For a little over two years my consistent message has been that developers of gee-whiz battery technologies for electric vehicles are dangerously overpriced while established manufacturers of cheap and reliable batteries for the masses trade at bargain basement levels. That dynamic has not changed yet, but the mainstream is finally beginning to consider the vast gulf between technically feasible and economically sensible. As the EV rose wilts and more mundane applications like buses, commercial vehicles, hybrid locomotives, renewable power integration and stop-start idle elimination generate profits rather than losses, market expectations and capitalizations will adjust to business realities. Wayne Gretzky was great because he tried to play where the puck was going to be. Prudent investors will do the same thing.

Disclosure: Author is a former director of Axion Power International (AXPW.OB) and owns a substantial long position in its common stock.

October 26, 2010

Amyris' "Fene Economy"

by Debra Fiakas CFA

There are not many companies with the courage to stage an initial public offering, but renewable chemicals and materials producer Amyris, Inc. (AMRS:  Nasdaq) was undaunted.  The company sold 5.3 million shares at $16.00 earlier this month, raising $78.8 million in net proceeds. 

Amyris has done fairly well in raising capital.  In December 2009, the Department of Energy awarded Amyris a $25.0 million grant to build a pilot plant that will produce diesel and petrochemical substitutes through the fermentation of sweet sorghum.  Then Temasek Holdings invested $47.8 million into the company.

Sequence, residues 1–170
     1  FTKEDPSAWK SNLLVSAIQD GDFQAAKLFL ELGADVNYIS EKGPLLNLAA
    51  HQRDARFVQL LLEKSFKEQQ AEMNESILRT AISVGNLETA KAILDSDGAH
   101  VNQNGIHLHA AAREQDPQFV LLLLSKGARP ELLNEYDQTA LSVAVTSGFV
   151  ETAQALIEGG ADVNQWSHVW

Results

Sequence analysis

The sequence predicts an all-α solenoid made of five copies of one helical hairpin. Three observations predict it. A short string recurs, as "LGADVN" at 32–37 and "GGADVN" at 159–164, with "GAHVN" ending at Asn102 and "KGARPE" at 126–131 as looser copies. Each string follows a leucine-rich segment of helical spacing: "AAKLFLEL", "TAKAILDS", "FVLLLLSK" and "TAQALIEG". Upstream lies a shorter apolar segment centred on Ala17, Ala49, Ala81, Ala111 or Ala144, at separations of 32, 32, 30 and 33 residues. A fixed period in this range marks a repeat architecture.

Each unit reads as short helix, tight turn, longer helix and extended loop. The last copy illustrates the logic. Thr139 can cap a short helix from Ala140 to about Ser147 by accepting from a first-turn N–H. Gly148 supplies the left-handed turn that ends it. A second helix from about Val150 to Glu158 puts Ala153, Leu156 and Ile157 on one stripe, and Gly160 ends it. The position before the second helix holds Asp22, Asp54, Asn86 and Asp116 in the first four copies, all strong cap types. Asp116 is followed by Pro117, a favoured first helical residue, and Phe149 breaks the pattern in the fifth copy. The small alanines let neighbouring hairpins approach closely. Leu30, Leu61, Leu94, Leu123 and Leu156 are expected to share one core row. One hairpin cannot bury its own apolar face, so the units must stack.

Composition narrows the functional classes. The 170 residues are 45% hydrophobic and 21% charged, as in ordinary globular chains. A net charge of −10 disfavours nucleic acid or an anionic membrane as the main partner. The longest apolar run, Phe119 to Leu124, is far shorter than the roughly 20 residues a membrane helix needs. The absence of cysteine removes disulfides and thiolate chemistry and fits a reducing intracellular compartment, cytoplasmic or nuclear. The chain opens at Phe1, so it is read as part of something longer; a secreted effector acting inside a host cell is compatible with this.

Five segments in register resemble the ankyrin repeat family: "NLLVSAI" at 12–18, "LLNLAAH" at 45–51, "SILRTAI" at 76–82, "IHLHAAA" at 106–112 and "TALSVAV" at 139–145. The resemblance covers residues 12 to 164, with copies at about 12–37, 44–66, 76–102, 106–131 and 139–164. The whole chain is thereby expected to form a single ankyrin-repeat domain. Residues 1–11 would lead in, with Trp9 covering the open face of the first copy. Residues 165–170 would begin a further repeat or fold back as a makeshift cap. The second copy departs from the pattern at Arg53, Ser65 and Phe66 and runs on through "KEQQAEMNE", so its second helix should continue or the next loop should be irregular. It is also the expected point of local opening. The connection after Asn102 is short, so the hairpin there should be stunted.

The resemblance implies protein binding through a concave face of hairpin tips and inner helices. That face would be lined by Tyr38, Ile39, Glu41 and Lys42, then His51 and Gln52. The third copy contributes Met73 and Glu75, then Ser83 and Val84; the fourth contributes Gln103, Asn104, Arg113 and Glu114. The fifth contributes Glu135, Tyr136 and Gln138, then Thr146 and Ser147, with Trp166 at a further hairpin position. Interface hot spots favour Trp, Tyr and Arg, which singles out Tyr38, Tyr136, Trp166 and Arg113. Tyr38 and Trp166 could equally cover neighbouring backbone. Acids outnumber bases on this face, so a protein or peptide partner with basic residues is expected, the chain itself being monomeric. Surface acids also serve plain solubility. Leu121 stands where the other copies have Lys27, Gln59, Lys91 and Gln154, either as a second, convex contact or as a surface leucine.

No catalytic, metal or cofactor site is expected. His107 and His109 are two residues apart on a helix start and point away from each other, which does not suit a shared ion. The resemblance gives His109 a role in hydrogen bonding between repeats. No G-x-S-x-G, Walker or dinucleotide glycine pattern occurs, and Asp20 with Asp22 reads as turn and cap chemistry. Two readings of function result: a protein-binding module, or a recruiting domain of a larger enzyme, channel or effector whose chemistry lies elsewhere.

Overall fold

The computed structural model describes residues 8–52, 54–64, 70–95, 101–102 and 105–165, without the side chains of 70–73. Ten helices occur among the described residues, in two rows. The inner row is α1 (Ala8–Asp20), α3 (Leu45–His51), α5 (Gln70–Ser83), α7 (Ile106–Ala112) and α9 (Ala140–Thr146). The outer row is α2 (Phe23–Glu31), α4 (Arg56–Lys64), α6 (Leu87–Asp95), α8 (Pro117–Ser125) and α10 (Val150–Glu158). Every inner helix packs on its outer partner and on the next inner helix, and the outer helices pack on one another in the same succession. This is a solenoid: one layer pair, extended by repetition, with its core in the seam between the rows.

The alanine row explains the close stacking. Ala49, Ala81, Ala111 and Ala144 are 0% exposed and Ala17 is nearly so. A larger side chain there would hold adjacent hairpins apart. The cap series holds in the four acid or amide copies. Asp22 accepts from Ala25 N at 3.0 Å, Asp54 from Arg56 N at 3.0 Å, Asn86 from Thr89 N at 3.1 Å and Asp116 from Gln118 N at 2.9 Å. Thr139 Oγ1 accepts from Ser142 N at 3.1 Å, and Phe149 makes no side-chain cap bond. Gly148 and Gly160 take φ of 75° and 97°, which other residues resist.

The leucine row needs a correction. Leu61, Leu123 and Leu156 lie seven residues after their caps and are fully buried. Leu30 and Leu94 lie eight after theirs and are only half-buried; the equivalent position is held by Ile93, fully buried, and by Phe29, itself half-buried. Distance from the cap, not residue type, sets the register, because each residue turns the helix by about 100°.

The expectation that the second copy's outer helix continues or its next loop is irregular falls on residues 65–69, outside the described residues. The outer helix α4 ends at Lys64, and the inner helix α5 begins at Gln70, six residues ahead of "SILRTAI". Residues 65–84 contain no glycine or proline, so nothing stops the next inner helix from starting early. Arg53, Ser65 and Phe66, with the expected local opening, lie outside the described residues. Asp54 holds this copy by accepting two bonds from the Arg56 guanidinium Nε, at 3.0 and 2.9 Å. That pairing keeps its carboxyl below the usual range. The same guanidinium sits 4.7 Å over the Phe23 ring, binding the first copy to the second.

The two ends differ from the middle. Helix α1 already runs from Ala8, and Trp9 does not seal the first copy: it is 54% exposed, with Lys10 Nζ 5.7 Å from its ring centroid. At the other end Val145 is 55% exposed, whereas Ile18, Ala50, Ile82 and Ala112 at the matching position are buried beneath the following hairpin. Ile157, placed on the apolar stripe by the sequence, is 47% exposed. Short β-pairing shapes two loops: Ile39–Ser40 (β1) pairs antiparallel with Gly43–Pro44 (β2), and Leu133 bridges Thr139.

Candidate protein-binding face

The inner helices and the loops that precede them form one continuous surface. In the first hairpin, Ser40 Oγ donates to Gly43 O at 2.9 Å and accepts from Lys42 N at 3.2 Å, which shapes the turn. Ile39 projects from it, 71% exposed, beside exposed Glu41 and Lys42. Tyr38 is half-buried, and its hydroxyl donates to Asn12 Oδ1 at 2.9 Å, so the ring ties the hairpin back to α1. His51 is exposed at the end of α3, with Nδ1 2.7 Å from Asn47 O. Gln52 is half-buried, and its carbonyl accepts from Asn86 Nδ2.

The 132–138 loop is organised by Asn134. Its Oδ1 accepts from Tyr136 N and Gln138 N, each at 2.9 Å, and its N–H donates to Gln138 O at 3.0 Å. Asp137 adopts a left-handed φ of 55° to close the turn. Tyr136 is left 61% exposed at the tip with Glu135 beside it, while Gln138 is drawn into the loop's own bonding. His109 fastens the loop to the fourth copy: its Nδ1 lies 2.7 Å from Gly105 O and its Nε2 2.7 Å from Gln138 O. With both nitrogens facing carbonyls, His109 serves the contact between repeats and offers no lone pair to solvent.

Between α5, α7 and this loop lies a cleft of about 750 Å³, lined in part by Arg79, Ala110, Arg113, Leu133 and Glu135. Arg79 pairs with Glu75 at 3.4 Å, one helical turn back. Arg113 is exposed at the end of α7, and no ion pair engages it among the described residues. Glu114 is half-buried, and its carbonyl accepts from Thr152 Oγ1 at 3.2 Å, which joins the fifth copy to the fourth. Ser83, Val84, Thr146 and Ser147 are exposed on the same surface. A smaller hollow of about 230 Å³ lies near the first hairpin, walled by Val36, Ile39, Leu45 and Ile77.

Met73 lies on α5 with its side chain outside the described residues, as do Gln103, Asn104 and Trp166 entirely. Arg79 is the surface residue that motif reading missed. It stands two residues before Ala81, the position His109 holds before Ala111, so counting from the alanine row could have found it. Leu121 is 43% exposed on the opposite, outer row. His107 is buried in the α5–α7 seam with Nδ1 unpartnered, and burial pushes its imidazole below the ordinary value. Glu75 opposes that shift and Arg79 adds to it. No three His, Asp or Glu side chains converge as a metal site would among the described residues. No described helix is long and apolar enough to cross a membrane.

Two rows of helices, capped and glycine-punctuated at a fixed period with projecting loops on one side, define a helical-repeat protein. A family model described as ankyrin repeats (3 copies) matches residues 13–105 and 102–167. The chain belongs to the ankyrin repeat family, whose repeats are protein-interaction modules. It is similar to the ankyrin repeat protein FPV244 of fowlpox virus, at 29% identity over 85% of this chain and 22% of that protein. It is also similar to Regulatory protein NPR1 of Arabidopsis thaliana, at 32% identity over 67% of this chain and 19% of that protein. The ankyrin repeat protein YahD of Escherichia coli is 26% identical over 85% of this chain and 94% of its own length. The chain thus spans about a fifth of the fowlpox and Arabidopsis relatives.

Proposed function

The Amyris vision is lofty  -  build a “fene economy.”  Investors might be scratching their heads over that one.  Amyris engineers microbes and has developed a molecule called farnesene.  The molecule can be the building block for a variety of products such as detergents, cosmetics, perfumes and industrial lubricants, and to transportation fuels like diesel.  The company has ubiquity in mind for farnesene-based products, replacing existing products that are derived from petroleum, plant or animal sources and that may be of lower quality or higher price.  While sweet sorghum is the feedstock for the diesel pilot project, the company plans to use Brazilian sugarcane for its ambitious farnesene production. 

Management claims commercialization is just around the corner and expects revenue streams to begin flowing in 2011.  Amyris has revenue from consulting and licensing, but development costs and other operating expenses have run high.  The company reported a net loss of $76.0 million in the twelve months ending June 2010.  For perspective we note that operations only used $45.9 million in cash during that period.